The Republican National Convention in Tampa is officially beginning today after Monday’s session was postponed due to Tropical Storm Isaac. But the storm did not stop the partying. Dozens of events have already been held across Tampa — mostly paid for by lobbyists and corporations taking advantage of loopholes. We’re joined by Keenan Steiner, staff writer at the Sunlight Foundation, a D.C.-based organization that promotes transparency in government. To keep track of the RNC’s sponsored events and parties, the group has launched a website called "Political Party Time."
A recent study by the Brennan Center estimates that new voter ID laws could disenfranchise more than five million people across the country in November, including voters in swing states such as Pennsylvania, New Hampshire, Virginia and Wisconsin. On Monday, Democracy Now! producer Mike Burke spoke with a prominent supporter of the new voter IDs laws, Ken Blackwell, vice chair of the Republican National Committee’s platform committee and the former Republican secretary of state in Ohio. In 2008, Blackwell oversaw the election process for Ohio while serving as state co-chair of the committee to re-elect George W. Bush. His role in the Ohio election, which saw George W. Bush narrowly beat John Kerry, remains controversial to this day, making him the target of over a dozen lawsuits.
A coalition of groups are planning to stage a protest outside the Republican National Convention today to decry new voter ID laws and cutbacks in early voting. To discuss voting rights ahead of November, we’re joined by two guests: the Rev. Charles McKenzie of the Rainbow PUSH Coalition and organizer of a protest today at Tampa’s Centennial Park in Tampa against voter suppression, and Brentin Mock, a ColorLines reporter covering the challenges presented by new voter ID laws, suppression of voter registration drives, and other attempts to limit electoral power of people of color. Mock’s latest article reveals how a tea party-backed organization called "True the Vote" is building a nationwide "poll watcher" network for November that critics say is designed to intimidate voters.
An Israeli judge has cleared Israel’s military of responsibility for the killing of the U.S. peace activist Rachel Corrie. A 23-year-old college student, Corrie was crushed to death by an Israeli army bulldozer in Gaza nine years ago. She was standing in front of a Palestinian home to help prevent its demolition. Today’s ruling came in a wrongful death civil suit brought by Corrie’s family, with the judge rejecting any negligence on the part of the driver and finding that Corrie’s death resulted from "an accident she brought upon herself." Today’s ruling follows an earlier internal Israeli army investigation that also exonerated the bulldozer drivers. The Corrie family had been seeking a symbolic $1 in damages, as well as legal fees.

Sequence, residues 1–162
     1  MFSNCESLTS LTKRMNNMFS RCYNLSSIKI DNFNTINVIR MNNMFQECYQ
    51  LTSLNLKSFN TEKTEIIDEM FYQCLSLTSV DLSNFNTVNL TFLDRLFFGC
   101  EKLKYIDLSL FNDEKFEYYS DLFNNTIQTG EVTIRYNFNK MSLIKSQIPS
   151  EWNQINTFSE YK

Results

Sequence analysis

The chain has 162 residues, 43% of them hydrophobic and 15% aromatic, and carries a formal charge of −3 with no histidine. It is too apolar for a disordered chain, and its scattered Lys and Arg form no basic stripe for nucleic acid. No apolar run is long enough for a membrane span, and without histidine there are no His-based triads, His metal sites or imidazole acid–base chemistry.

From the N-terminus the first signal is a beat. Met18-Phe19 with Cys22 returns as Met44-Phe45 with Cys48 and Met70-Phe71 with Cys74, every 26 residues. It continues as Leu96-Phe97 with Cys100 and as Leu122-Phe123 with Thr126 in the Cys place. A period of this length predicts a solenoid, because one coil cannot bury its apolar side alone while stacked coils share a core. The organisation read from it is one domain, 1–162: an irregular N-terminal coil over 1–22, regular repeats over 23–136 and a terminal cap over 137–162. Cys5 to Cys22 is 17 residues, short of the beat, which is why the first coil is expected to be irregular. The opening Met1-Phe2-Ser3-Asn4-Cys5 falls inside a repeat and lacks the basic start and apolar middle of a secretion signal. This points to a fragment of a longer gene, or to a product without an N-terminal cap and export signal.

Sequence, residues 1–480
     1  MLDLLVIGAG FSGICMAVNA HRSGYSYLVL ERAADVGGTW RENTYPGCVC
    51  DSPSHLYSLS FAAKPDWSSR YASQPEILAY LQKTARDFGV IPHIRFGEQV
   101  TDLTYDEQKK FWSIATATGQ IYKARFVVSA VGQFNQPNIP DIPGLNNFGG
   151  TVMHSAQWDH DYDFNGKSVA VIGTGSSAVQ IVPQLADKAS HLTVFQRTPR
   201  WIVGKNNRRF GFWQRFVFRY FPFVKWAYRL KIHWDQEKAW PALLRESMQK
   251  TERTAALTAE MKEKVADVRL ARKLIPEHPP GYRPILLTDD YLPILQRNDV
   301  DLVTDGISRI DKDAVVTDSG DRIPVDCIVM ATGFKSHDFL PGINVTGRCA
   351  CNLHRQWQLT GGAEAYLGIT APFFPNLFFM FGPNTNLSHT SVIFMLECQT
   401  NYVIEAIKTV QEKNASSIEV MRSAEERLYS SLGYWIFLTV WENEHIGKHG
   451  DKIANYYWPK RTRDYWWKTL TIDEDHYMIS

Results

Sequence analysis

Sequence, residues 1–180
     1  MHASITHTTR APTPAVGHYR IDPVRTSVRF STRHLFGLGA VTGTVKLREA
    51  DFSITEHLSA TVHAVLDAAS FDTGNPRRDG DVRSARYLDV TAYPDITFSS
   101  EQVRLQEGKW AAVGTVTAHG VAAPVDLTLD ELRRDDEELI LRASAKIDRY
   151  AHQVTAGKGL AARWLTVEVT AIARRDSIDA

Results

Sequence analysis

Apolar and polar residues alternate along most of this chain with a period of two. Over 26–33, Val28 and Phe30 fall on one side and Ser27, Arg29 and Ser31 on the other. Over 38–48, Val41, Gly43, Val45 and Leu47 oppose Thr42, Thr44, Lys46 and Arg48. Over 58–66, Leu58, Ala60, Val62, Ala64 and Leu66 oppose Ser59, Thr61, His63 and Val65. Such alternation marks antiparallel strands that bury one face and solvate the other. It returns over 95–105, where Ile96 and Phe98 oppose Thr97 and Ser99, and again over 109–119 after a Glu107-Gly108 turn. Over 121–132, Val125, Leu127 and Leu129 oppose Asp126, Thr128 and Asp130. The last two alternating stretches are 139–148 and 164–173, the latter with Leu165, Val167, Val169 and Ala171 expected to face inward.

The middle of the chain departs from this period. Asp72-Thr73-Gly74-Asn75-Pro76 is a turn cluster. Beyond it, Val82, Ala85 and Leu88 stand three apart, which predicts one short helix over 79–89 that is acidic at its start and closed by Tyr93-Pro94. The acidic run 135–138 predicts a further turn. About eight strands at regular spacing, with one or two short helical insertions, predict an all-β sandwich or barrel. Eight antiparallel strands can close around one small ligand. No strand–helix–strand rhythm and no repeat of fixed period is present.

Tropical Storm Isaac is heading through the Gulf of Mexico, threatening to batter the Gulf Coast. Federal officials expect the storm to develop into a category 1 hurricane and make landfall on Wednesday. The storm will mark the most serious test of New Orleans’ rebuilt levees in the seven years since Hurricane Katrina. We go to New Orleans to speak with Washington Post reporter Manuel Roig-Franzia.
After repeatedly touting his business experience as an asset towards reviving the U.S. economy, Mitt Romney has been put on the defensive by Bain Capital workers who are fighting back against the outsourcing of their jobs. One hundred and seventy workers at a Sensata Technologies plant in Freeport, Illinois — of which Bain is the majority owner — are calling on Romney to help save their jobs from being shipped to China. The factory manufactures sensors and controls that are used in aircraft and automobiles, but has been dismantling and shipping the plant to China piece-by-piece — even as it requires the workers to train personally their Chinese replacements, who have been flown in by management. We’re joined by two workers from the Sensata plant in Freeport, Illinois: Tom Gaulrapp and Cheryl Randecker. Both worked at Sensata for 33 years and were told their jobs would be terminated by the year’s end.